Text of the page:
I keep having to reign in my own chimp – the part of my mind which is uncontrolled, which is primitive and works on instinct. For the first time I can separate the Wouldbegood from the Wouldbebad and notice when my chimp gets out of her cage. The chimp has her uses – her instinct is to protect – but she’s left me lonely and bruised, if no longer broken. To have control over her, to be her mistress rather than at her mercy, is something to aim for. Perhaps all this anger isn’t a waste of energy if it means I have heightened awareness of when she’s about to go on the rampage.

Those are the only books I’m going to talk to you about today. I’m done, for now. Off to the gym to be, somehow, less angry. To exercise my chimp in a safe environment so that hopefully tonight, unlike the last few weeks, she gets some sleep.

So the devil wants to spit on my blackberries? Bring it on Lucifer – but you needn’t think I’ll let you do it without protest. Like thousands of other women, I’m done holding my tongue.

We’re angry.

Snog, Marry, Avoid

The last few months’ reading, in a nutshell…

SNOG.

 The Stars Are Fire by Anita Shreve
I haven’t enjoyed the last few of Anita Shreve’s but I felt this one shows her back on form. The story of Grace, Gene and their children in post-war Maine gradually unravels, in a way you don’t expect it to. I had no idea about the great fire of Maine, so I was reading without having the sense of impending doom that others who know its history will experience. This in no way lessens the impact of the writing and the rebirth of the shattered family. Shreve’s prose is spare, which gives every word a heightened resonance, and can be read in one sitting.

Never Alone by Elizabeth Haynes
Sarah lives alone, and is not prepared for an old aquaintance coming back into her life. Nobody in her social circle trusts him, and it appears with very good reason… While not hitting the spot the way Into the Darkest Corner did, this is an improvement on her other work and has given me hope we’ll get back to the strength of her debut novel.

Moranifesto by Caitlin Moran
Caitlin Moran’s zany bounce does make you want to squash her like a mosquito sometimes, but I enjoy her refreshing zest for life and passion for everything.

The Lonely Hearts Hotel by Heather O’Neill
I very much liked the way this novel was written. The comparisons to Angela Carter are spot on as this is in so many ways a twisted fairytale with thorns of truth poking through amongst the roses. The writing is often beautiful and the story of orphans Rose and Pierrot, separated just as their love begins to blossom, is fascinating. Pierrot hides from his past in drugs, Rose in sex, before they are reunited – but we all know real fairytales do not end with ‘happy ever after’.

The story goes on too long, and loses its way. Having initially been desperate to eat it up, I found myself wanting it to end. Nevertheless this is a startlingly beautiful and original story and I have already checked out this this author’s other work from the library.

I’m Right Here by Yvonne Cassidy
I didn’t expect to enjoy this book as much as I did. The tale of a teenage girl who starts hearing the thoughts of a slave-girl from 150 years ago is taut, human and very intelligent. Interwoven into the stories of both Cassie and EL are the experiences of slavery, friendship and family. Cassidy understands all her characters very well, and although there are a few loose ends – the story of EL in itself, and that of Cassie’s grandfather – in a way these don’t matter because the reader draws their own conclusions. I walked away from this powerful story finding that I didn’t leave it alone. I wrote my own ending, thought about the back stories of the characters. This is the sign of a good book and I look forward to reading more from this author.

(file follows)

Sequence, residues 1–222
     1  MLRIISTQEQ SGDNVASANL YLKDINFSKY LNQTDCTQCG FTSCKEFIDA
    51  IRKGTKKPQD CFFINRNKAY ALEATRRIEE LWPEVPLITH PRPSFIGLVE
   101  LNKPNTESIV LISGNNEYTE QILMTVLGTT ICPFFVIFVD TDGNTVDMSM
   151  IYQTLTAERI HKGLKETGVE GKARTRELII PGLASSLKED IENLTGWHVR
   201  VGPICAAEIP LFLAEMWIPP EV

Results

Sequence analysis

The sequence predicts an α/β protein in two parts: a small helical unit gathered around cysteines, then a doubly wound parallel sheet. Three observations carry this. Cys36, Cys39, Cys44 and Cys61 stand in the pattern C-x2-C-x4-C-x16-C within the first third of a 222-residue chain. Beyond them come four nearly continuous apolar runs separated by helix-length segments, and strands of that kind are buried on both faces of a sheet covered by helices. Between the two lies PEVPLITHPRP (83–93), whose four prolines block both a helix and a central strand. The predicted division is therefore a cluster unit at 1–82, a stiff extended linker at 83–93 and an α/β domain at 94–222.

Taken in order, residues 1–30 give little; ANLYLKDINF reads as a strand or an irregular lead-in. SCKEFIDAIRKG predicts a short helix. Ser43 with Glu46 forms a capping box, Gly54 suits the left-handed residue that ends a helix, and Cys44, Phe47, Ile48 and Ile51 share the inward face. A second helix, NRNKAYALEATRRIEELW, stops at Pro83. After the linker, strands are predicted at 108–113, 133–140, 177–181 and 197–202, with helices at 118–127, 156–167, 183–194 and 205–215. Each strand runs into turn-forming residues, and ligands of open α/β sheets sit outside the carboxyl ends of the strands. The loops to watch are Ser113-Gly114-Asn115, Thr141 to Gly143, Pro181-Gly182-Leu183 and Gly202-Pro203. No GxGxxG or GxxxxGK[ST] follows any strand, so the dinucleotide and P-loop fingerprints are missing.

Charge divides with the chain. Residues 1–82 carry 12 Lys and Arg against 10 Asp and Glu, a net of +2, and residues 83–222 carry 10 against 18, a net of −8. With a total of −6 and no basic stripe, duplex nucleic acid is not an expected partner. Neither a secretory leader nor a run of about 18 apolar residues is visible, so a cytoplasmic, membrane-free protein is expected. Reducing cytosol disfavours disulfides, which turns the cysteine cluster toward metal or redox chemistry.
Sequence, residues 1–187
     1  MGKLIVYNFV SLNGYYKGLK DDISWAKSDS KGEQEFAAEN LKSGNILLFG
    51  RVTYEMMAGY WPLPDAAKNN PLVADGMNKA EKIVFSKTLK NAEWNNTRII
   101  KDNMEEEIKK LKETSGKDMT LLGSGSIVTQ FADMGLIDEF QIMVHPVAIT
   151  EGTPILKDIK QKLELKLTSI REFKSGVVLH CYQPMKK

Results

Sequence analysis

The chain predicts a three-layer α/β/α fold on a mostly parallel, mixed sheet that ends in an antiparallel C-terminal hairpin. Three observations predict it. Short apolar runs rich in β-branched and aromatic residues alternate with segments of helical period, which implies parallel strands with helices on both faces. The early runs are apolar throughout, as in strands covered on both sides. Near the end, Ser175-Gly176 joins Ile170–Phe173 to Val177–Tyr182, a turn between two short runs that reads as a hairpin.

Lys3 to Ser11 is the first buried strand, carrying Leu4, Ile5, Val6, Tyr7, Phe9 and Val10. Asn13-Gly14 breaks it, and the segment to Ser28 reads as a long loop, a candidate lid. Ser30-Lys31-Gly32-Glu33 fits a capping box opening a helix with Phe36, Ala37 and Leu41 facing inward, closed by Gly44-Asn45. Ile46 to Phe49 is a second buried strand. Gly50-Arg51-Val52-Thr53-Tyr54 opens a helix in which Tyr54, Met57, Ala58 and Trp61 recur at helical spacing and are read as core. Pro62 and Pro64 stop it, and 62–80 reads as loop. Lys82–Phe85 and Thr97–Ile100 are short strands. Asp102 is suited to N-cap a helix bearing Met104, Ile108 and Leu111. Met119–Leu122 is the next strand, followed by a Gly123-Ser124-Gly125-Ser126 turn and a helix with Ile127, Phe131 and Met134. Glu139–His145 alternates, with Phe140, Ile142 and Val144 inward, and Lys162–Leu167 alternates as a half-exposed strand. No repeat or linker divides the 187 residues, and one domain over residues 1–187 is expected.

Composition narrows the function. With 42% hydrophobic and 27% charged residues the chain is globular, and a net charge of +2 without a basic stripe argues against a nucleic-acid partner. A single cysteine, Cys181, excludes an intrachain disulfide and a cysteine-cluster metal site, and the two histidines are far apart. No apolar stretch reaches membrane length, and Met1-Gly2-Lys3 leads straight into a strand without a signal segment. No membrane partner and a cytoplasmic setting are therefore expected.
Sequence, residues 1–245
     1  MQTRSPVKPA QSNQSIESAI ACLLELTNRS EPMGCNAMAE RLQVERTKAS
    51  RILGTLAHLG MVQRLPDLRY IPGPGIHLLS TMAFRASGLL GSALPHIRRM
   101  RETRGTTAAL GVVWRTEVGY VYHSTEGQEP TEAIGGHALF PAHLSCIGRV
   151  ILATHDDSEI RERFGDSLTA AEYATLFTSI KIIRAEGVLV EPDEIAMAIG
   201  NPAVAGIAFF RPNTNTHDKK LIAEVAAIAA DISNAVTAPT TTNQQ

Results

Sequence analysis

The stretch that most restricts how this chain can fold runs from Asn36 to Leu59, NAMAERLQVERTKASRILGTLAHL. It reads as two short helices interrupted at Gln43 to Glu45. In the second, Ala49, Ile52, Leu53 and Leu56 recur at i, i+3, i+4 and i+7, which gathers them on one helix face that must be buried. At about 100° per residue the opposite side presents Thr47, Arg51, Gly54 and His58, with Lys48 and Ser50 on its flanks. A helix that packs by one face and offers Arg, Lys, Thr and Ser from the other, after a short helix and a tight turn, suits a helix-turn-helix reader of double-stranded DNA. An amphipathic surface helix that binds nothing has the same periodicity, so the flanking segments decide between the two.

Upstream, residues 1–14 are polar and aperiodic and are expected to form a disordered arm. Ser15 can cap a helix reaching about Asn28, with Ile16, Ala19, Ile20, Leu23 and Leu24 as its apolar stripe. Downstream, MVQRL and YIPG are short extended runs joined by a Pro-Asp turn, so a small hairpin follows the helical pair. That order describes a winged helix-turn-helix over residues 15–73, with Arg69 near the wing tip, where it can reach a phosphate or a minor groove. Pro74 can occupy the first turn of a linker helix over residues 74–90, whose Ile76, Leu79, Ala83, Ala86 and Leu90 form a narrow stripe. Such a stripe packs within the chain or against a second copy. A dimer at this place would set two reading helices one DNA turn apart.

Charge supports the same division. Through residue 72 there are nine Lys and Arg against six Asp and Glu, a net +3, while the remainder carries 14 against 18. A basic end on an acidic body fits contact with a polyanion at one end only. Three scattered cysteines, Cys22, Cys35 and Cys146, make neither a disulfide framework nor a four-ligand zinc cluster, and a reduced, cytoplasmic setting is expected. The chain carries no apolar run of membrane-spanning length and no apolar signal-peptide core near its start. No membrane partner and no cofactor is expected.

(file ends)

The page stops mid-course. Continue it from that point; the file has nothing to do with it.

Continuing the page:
The Marsh King’s Daughter by Karen Dionne
A visceral tale about a woman who discovers her father has escaped from prison. The story flags a little, but starts to pick up the pace towards the final third of the book and one twist made me gasp out loud. I would be interested in reading more from this author who displays a confident tone with regards to nature both human and animal.

Howards End on the Landing by Susan Hill
A year of re-reading books – an interesting premise, but perhaps more a memoir than a simple delve into the book shelves. Still, there are authors here I haven’t read, and need to investigate so it is worth a read.

The Whitby Witches by Robin Jarvis
This is a book aimed at young adults, but I enjoyed it as an oldish adult. Orphans Jennet (could that be a taste of a future Pendle-witches story?) and Ben come to Whitby to live with their great aunt. It soon becomes clear that Aunt Alice is not the harmless old lady she first appears. Not great literature, but very readable.

MARRY.

The Great Silence by Juliet Nicholson
Stretching across gender and class – how people recovered from the catastrophe of World War 1.

A Game of Ghosts by John Connolly
John Connolly just keeps upping his game and this latest Charlie Parker novel is the best to date. Not only is it a tense story about the Brethren, a family linked by dark means to the supernatural, but it is a story of Charlie’s relationship with his daughter Sam and his friends Louis and Angel. There is a hugely unexpected death – one I was surprised I felt saddened by – and I get the sense a denouement is not far away. The story is getting taut and I felt a bit breathless reading it.

In the Name of the Family by Sarah Dunant
Fascinating, rich book about the Borgias, particulary Lucrezia in the Italian city of Ferrara. Great stuff!

The Good Daughter – Karin Slaughter
I enjoy Karin Slaughter’s Grant County novels, but I also enjoy it when she goes off piste and writes about other characters. It doesn’t always work well – Coptown was a big disappointment – but The Good Daughter shows Slaughter at her very best. Sisters Charlotte and Samantha Quinn are torn apart both physically and emotionally by what happens one evening in their home. Almost 30 years later they are forced to confront the events of that night, their relationship with their father, and their relationship with each other, when there is a shooting at the local school. As always in Slaughter’s books, things aren’t quite what they appear.